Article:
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FISCUS, Ronald R.


B.Sc. (1968) Iowa State University
M.Sc. (1975) Iowa State University
Ph.D. (1979) Iowa State University

Research Interests:
Cardiovascular and Neural Physiology.
Interactions between bioactive peptides, nitric oxide (NO), and oxygen free radicals and
involvement in the pathogenesis of septic shock and ageing-related diseases of blood vessels and nerves.

Research Interests: Cardiovascular and Neural Physiology.
Interactions between bioactive peptides, nitric oxide (NO), and oxygen free radicals and involvement in the pathogenesis of septic shock and ageing-related diseases of blood vessels and nerves.

Our laboratory is currently studying signal transduction mechanisms (cellular mechanisms) and pathological role of nitric oxide (NO) and certain bioactive peptides (e.g. atrial natriuretic factor [ANF], brain natriuretic peptide [BNP], and calcitonin gene-related peptide [CGRP]) in the cardiovascular and nervous systems. Of specially interest is mechanisms and involvement of NO and CGRP as mediators of the life-threatening drop in arterial blood pressure during severe sepsis (i.e. septic shock) and as anti-proliferative agents inhibiting the growth of vascular smooth muscle cells, helping to protect arteries against development of ageing-related diseases, such as atherosclerosis, coronary heart disease, and stroke. For example, our laboratory has shown that CGRP and NO act synergistically to cause vasorelaxation and inhibition of smooth muscle cell proliferation via signal transduction mechanisms involving interactions between cyclic AMP and cyclic GMP pathways. We have identified CGRP as a important contributor to the vascular impairment and drop in blood pressure during endotoxicosis in animal models and during sepsis (both gram-negative and gram-positive bacteraemia) in human patients. We have also shown that inflammatory agents (bradykinin, histamine, and prostaglandins) and a metabolic end-product (lactic acid) trigger release of CGRP from nerves. Because levels of lactic acid, bradykinin, histamine and prostaglandins are all elevated during septic shock, these agents likely play a key role in stimulating CGRP release during shock, ultimately causing the devastating drop in blood pressure. Our data further suggests that CGRP plays an important role as vasodilator in other conditions with elevated levels of lactic acid, such as strenuous exercise and myocardial & brain ischaemia.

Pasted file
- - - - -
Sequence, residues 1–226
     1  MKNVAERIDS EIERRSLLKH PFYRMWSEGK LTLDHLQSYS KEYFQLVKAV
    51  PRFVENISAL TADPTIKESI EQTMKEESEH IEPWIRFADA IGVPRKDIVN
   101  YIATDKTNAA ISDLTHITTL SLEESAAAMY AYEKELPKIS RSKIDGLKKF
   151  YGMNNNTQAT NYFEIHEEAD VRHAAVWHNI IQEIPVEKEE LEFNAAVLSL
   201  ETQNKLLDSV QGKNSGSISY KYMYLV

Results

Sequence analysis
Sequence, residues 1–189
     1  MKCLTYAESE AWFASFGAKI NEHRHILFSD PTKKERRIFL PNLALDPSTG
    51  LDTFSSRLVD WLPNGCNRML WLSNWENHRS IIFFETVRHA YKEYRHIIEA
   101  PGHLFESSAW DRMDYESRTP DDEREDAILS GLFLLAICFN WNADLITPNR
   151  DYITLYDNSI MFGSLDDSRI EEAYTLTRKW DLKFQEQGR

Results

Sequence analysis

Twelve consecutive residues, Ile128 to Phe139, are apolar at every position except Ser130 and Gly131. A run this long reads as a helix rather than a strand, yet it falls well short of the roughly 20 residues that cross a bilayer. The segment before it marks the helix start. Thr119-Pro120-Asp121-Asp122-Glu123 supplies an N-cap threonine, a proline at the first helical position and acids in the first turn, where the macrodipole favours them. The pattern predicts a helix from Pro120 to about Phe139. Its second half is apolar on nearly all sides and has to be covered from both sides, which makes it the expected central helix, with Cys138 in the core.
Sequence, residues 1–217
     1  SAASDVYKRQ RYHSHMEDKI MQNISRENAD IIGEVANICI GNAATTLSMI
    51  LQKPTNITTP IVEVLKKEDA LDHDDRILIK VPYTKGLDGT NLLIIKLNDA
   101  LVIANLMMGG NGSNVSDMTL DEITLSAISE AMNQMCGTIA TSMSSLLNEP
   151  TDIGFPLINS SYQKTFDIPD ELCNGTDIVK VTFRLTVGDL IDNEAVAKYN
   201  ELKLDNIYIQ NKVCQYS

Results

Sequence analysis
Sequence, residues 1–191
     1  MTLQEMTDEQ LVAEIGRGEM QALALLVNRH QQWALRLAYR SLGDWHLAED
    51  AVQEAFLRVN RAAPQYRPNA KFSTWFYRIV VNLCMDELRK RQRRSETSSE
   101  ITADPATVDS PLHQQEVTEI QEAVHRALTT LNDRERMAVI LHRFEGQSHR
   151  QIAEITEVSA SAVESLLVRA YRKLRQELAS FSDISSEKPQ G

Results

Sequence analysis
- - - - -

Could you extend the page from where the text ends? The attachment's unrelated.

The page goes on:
Our laboratory is also currently studying the involvement of cyclic GMP and cyclic GMP-dependent protein kinase (PKG) in the protection against cell death (apoptosis and/or necrosis). Collaborative research between our laboratory and a laboratory in the United States has shown that a newly-discovered neurotrophic factor, the secreted form of ß-amyloid precursor protein (ß-APPS), can increase the survival of hippocampal neurons during stressful conditions, such as exposure to toxic levels of glutamate. Using radioimmunoassay techniques and specific inhibitors of PKG, we have identified the cyclic GMP/PKG signal transduction pathway as the most likely intracellular mediator of this neuroprotective response of ß-APPS.